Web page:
I think there comes a time in everyone’s life when they start to remember the first decade of their life fondly. For a good ten or fifteen years, I remembered the 1980s as mostly a tacky of time overly synthesized music, big hair, gaudy colors, and acid washed jeans. The 1990s were where it was at, with all that grunge and acoustic alternative music. And then all of a sudden, in the mid 2000s, it was like someone flipped a switch in my head and I was humming along to “Africa” unironically.
You know what I remember fondly, now that I’m an old man? The 1980s. (I’ve mentioned it from time to time.) Do you know what Ernest Cline also remembers fondly? The 1980s. Coincidentally, do you know what South Park has made mildly critical of lately? Unthinking nostalgia.
Well. Unthinking is probably harsh. But maybe only just.
Ready Player One is Ernest Cline’s first novel; in the near future, fossil fuels have run out, the economy has more or less permanently tanked, and corporations have reached typical cyberpunk quasi-governmental status. (One of the few ways to get out of the permanent joblessness that plagues most of the world is to indenture yourself to a corporation.) The one bright spot in all this is the Oasis, an enormous MMORPG/virtual universe, incorporating, essentially, just about every fictional universe ever made, from World of Warcraft to Gundam, virtual government offices, and shopping malls. The Oasis is the brainchild of two men, one of whom disowned it; the other, Halliday, is a reclusive, fantastically rich hermit with an obsession with all things nerdy and the 1980s in particular. With Halliday as the de facto owner of the Oasis, his death of cancer casts its future in question: according to his will, ownership– and his entire fortune– will go to the first person who can solve an obscurely difficult quest that he spent the last few years of his life creating. Predictably, lots of people are interested in this, including “Parzival,” a young, penniless orphan (who only has access to the Oasis as part of his public school system) and IOI, a massive, ruthless ISP interested in “properly monetizing” (charging an access fee and slapping ads all over) the Oasis. When Parzival manages to make the first breakthrough on Halliday’s quest after years of global disappointment, he finds himself going toe to toe with a multinational corporation for control of the Oasis.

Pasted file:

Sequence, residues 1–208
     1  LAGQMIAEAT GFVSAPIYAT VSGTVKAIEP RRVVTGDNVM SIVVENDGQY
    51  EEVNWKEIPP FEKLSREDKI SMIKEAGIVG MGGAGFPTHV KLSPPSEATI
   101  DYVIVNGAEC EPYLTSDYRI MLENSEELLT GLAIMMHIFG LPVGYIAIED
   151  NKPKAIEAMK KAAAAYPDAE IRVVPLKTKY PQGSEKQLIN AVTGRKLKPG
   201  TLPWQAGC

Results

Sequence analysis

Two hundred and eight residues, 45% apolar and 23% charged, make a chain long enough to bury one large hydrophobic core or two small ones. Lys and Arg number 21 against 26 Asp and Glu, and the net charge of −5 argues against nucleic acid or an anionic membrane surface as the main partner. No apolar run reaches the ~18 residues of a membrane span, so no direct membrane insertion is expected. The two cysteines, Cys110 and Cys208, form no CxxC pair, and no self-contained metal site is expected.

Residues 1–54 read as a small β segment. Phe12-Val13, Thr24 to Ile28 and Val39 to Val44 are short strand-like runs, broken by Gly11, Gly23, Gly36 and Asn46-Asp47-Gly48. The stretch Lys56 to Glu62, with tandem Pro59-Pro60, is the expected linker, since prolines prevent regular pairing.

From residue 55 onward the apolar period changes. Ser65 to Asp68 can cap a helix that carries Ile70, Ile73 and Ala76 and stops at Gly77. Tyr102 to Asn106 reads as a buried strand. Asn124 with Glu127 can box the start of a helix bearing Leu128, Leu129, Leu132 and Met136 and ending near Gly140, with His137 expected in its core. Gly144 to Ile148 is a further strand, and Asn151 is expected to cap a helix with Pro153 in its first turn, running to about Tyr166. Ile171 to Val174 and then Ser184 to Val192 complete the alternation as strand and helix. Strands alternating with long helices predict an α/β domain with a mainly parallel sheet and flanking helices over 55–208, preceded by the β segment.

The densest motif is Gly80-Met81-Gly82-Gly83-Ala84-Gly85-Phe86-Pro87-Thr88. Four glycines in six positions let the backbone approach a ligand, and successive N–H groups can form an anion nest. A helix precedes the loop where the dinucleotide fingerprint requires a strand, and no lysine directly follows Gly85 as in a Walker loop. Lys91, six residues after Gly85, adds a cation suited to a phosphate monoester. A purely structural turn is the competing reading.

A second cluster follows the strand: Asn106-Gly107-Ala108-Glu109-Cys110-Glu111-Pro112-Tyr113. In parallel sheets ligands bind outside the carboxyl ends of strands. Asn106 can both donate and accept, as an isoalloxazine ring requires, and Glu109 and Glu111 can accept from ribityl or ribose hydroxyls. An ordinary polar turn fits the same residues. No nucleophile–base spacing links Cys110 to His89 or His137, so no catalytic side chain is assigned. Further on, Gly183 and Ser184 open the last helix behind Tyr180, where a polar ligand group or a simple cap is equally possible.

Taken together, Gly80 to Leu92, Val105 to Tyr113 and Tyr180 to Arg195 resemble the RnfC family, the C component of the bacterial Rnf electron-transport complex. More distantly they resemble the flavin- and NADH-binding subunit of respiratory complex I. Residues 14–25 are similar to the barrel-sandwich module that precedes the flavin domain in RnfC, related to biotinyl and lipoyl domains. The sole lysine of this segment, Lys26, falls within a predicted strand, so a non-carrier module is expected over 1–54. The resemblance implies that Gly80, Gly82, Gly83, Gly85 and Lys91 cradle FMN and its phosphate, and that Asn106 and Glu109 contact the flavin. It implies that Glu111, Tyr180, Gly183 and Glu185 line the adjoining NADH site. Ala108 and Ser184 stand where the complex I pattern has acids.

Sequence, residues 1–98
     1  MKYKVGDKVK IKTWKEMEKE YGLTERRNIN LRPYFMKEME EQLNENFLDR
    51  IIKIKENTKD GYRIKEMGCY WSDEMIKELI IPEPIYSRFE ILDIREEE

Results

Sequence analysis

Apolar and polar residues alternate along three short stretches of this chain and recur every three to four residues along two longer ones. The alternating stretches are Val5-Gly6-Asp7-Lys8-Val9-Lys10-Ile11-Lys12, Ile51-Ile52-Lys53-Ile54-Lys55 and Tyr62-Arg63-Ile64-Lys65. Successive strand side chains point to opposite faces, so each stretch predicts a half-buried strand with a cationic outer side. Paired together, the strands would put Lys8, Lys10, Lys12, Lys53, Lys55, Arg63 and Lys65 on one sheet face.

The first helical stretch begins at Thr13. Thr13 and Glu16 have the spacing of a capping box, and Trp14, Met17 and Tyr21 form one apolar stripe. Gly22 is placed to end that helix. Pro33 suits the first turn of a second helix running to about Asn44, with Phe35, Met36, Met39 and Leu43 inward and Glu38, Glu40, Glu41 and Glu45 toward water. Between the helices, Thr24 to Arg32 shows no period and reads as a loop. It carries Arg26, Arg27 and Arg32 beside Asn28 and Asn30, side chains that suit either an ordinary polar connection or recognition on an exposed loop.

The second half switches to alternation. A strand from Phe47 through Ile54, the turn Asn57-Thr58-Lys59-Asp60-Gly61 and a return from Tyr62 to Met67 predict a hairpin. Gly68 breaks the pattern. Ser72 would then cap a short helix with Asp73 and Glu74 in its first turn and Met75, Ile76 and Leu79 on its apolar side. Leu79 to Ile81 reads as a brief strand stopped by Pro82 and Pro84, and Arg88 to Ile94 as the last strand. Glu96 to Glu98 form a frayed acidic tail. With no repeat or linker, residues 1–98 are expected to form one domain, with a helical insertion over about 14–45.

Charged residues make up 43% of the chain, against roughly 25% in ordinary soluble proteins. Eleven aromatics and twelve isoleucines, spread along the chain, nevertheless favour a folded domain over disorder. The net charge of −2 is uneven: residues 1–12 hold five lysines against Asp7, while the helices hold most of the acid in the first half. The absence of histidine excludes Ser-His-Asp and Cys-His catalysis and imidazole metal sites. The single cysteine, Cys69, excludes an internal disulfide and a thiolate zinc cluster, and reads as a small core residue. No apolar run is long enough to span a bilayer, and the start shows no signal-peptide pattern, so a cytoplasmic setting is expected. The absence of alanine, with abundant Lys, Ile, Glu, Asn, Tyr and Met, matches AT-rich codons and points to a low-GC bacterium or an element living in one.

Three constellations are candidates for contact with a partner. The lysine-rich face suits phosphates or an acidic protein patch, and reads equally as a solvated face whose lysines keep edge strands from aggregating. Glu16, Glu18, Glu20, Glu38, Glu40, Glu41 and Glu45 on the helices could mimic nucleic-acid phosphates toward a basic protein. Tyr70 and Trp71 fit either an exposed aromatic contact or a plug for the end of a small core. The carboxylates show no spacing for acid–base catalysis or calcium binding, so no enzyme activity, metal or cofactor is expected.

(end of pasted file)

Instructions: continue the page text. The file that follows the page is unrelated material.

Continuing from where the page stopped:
Cline’s second novel, Armada, mines the same obsession with nerdiness and the 1980s that spawned Ready Player One. But where Ready Player One forsakes the real world in favor of an MMO, Armada is a conspiracy story about a secret government program making use of popular culture to train the populace to fight an alien invasion via remote controlled drones. Cline’s obsessions are more focused here on looting The Last Starfighter and Ender’s Game; our protagonist, Zack Lightman, is a troubled fatherless teen and one of the best players in the world of “Armada,” a drone combat trainer masking as a flight sim. The day after Zack “hallucinates” an alien fighter in the skies above his high school, a shuttle from Armada’s supposedly fictional Earth Defense Force lands in the school parking lot to whisk him away to fight off an impending alien invasion.